On Tuesday [April 10] the Harrisonburg City Council voted unanimously to decline an animal sheltering services proposal from Anicira Veterinary Center – and expressed hope for new collaboration. WMRA’s Christopher Clymer Kurtz reports.
The Harrisonburg City Council vote was a rejection of her proposal, but Cate Lemmond, Anicira Veterinary Center’s founding president and CEO, left the meeting claiming victory.
CATE LEMMOND: We are very pleased. The whole purpose of Anicira submitting a proposal was our concern about the death rate. What we heard tonight is that City Council is also concerned, and that they’re interested in making changes, to address that issue.
More about those changes in a bit, but first, it’s been close to a year since Anicira submitted an unsolicited proposal to Harrisonburg City Council to take over the animal sheltering services for the city from the Rockingham-Harrisonburg SPCA. Anicira said it could provide the services for 25% less than the city currently pays the SPCA, plus operate using a “no-kill” model to significantly reduce the high euthanasia rate at the SPCA.
In their recommendation to City Council this week, city management staff expressed skepticism that Anicira’s facilities and foster network would have adequate capacity for possible influxes or legally mandated holding periods, and said Anicira’s lower fee for the services could increase in future years. They talked of the city’s previous investments in the SPCA, and said that there is “value and security” in continuing to partner with Rockingham County, which also contracts with the SPCA.
And as for Anicira’s promise of lower euthanasia rates, staff said that other localities have struggled to meet such “no-kill” goals.
Staff did affirm what they said was progress in decreasing the number of euthanasias at the SPCA, which reported that its rate is down from 5l% in 2016 to about 45% in 2017, but they also suggested that the council could consider amending the contract with the SPCA to include benchmarks and goals and periodic reports.
ERIC CAMPBELL: Although I believe this recommendation is in the best interests of the city, I just want to make it clear, this is not an endorsement of business as usual.
Eric Campbell has been the city manager since the middle of January.
CAMPBELL: I am concerned with the euthanasia rates. I do believe this is a beginning of a discussion on how do we reduce those rates.
Council member Richard Baugh said that underlying the staff’s recommendation to decline Anicira’s proposal was a lack of direction from Council to pursue a no-kill model. Plus, he said,
RICHARD BAUGH: I think really part of the undercurrent here is the city manager is telling us, he’d like some time to work on this project.
The council discussed the frequency of required reports from the SPCA, and at Baugh’s motion, unanimously approved the staff recommendation. After the meeting, City Manager Campbell said that his job is now to bring parties like the SPCA and Anicira together.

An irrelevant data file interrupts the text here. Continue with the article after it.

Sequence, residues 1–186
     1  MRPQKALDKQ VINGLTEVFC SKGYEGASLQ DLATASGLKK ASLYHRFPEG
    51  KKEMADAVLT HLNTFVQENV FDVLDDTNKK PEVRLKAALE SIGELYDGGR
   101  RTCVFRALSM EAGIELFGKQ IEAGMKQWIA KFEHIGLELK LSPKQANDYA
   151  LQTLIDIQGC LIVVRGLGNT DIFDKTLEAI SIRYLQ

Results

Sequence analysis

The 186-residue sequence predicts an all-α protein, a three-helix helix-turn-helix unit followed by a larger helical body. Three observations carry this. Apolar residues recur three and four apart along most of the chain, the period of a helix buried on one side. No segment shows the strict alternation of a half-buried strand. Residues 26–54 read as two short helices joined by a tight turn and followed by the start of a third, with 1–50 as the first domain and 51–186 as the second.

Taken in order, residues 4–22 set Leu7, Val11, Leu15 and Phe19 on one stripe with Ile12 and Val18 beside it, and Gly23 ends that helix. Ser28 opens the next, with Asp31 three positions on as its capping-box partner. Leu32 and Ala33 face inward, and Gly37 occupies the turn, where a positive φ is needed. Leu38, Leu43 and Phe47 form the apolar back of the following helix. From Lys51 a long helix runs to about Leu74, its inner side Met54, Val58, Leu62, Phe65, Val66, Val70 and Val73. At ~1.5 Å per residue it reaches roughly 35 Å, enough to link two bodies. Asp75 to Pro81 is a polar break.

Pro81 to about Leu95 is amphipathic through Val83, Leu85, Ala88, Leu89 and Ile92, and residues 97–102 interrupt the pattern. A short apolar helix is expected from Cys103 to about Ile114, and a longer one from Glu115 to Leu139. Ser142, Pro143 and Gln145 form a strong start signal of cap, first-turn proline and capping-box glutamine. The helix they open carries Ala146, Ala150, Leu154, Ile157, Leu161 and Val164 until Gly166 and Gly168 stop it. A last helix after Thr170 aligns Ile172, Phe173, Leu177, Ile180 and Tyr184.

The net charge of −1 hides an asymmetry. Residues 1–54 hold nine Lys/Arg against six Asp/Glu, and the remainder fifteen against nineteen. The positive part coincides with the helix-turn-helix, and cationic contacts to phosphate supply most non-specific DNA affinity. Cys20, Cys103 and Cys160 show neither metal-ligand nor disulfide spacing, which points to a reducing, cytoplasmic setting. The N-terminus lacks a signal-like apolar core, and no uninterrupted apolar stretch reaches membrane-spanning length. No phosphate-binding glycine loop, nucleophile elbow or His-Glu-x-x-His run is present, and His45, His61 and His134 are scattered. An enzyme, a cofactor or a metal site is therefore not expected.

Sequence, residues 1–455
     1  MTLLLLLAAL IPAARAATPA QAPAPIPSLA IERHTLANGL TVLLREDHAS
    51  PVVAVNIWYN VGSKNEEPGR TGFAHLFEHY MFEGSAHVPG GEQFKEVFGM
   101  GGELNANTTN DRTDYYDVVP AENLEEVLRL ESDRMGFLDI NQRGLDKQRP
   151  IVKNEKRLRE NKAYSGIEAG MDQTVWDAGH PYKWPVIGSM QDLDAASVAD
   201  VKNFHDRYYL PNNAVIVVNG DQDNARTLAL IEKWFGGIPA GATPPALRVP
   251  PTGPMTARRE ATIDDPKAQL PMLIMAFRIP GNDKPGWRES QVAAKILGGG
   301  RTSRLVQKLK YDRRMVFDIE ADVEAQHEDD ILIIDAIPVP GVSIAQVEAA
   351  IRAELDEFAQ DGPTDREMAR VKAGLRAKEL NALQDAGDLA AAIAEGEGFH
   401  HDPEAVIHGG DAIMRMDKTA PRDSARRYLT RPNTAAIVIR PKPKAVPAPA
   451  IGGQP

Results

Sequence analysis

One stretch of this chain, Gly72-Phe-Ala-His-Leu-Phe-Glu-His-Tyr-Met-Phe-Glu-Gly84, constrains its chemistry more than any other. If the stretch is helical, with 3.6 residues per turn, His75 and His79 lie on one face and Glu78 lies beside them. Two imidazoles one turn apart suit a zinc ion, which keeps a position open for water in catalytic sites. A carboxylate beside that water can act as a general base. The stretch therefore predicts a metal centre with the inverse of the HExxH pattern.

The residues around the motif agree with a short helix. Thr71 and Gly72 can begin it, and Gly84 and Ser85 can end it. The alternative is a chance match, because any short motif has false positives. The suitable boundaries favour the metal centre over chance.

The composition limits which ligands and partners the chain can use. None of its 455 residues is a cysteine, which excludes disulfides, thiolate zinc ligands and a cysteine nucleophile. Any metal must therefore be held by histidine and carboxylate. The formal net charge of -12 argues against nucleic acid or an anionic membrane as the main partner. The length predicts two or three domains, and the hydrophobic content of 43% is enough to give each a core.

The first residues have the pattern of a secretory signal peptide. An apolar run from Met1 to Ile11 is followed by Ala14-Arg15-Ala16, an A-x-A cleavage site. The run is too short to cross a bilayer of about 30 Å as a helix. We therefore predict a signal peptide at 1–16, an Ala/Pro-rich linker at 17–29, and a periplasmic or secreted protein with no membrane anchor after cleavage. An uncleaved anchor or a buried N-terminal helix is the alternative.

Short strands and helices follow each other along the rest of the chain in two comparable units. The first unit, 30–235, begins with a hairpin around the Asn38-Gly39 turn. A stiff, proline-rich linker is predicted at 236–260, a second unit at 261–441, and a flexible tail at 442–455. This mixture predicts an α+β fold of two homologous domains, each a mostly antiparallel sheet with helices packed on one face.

CAMPBELL: Each organization has some strong positives. The challenge is they’re not talking to each other. We have all the good parts in the community. It’s a matter of working to get them working in tandem, and I think we can get there.
That call for Anicira and the SPCA to work together surfaced repeatedly. Here’s Council Member Christopher Jones, during Tuesday evening’s council meeting:
CHRISTOPHER JONES: How these two entities aren’t working together for the greater good of the cats and dogs that are involved in this situation – it just baffles me. I understand that at some point you have different philosophies and ideologies, but at the end of the day, if you want more cats and animals to be adopted and live, you work with what you can work with, with one side, and work with what you can on the other. It shouldn’t be an either/or.
Afterward, Council Member George Hirschmann repeated that call:
GEORGE HIRSCHMANN: Someplace there’s got to be a little more cooperation between Anicira, and there’s been very little over the years. We’ve got to make that work a little better.
The SPCA’s Jo Benjamin said she welcomes ongoing discussion with the city about the shelter’s successes and challenges – and she’s open to community help.
JO BENJAMIN: It’s a community issue, and it requires community solutions, so if Anicira and other local rescue organizations would like to work together, we’re happy to take their application. I really think there’s a lot of potential for us to work together and collaborate.
Can that happen? Again, Anicira’s Cate Lemmond:
LEMMOND: If the SPCA is able to embrace some of the philosophies, some of the policies and procedures that are consistent with the no-kill or life-saving model, absolutely. Time will tell.
With the dismissal of Anicira’s proposal, Mayor Deanna Reed pledged to pursue lower euthanasia rates through holding the SPCA accountable.
DEANNA REED: I’m going to be very diligent in making sure that the SPCA progresses the way we need them to progress, and with those six-months reports, I’m going to make sure we hold them to that. So I think there’s hope for both sides. I’m hoping that maybe they can work together.
That change, she said, would be a “winning” outcome.